1 . Take Cold Showers
“When we take cold showers, we boost our endocrine function, lymph circulation which boosts immune system, and blood circulation,” Arrington says.“ In the yogic tradition, the cold shower is a recommended part of one’s daily morning ritual.
2. Wait a Few Minutes to Eat When You’re Hungry
“Tolerating an extra five-to-10 minutes of hunger builds patience,” . you know you’re going to eat. But rather than rushing in to fix it, you sit with it.”
3. Do the Thing You Don’t Want to Do (for 10 Minutes)
When there’s something you really don’t want to do — like workout or tackle a boring report — tell yourself you only have to do it for 10 minutes.
4. Work Out Without Music or TV
Working out is obviously a great way to boost your physical and mental strength. But when you’re doing it while listening to music or watching TV, you’re distracting yourself and limiting your opportunity to experience and build tolerance for being uncomfortable.
5. Sit with Your Feelings
The next time you start to feel lonely, mad, anxious, sad, scared, or jealous, pause for a moment. Notice if you were about to grab your phone to scroll through Instagram or check your email, or about to turn on the XBox or grab a beer. Fight the urge and instead, sit down or lay down (face down is helpful) and close your eyes. See if you can locate a physical sensation in your body.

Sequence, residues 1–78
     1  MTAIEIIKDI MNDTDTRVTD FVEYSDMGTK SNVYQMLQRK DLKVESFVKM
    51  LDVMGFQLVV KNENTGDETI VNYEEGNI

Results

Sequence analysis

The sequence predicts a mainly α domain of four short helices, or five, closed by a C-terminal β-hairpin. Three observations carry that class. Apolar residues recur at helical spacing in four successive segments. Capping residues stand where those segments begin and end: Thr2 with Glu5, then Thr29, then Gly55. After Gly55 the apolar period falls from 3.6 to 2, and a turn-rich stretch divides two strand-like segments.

6. Now (and Throughout the Day), Name Your Feelings
It’s sometimes hard to put a name to your feelings. It might even be tough to admit to yourself when you’re nervous or sad. But research shows labeling your emotions takes a lot of the sting out of them. So check in with yourself a few times a day and ask yourself how you’re feeling.
7. Breathe Deeply
Whether as part of formal meditation or on an as-needed basis, deep breathing is essential for developing mental toughness. It allows you to better regu There’s a big difference between “being strong” and “acting tough.” Acting tough is about pretending you don’t have any problems. Being strong is about admitting you don’t have all the answers. While it might feel uncomfortable, talking to someone can help you develop mental toughness and become better. late your thoughts, feelings, and, well, breathing when the going gets rough.
8. Talk to Someone
There’s a big difference between “being strong” and “acting tough.” Acting tough is about pretending you don’t have any problems. Being strong is about admitting you don’t have all the answers. While it might feel uncomfortable, talking to someone can help you develop mental toughness and become better.
9. Practice Gratitude
“Look for things you can be thankful for every day and you’ll boost your mental muscle.”
10. Admit Mistakes
“Admitting your mistakes frees you from guilt,”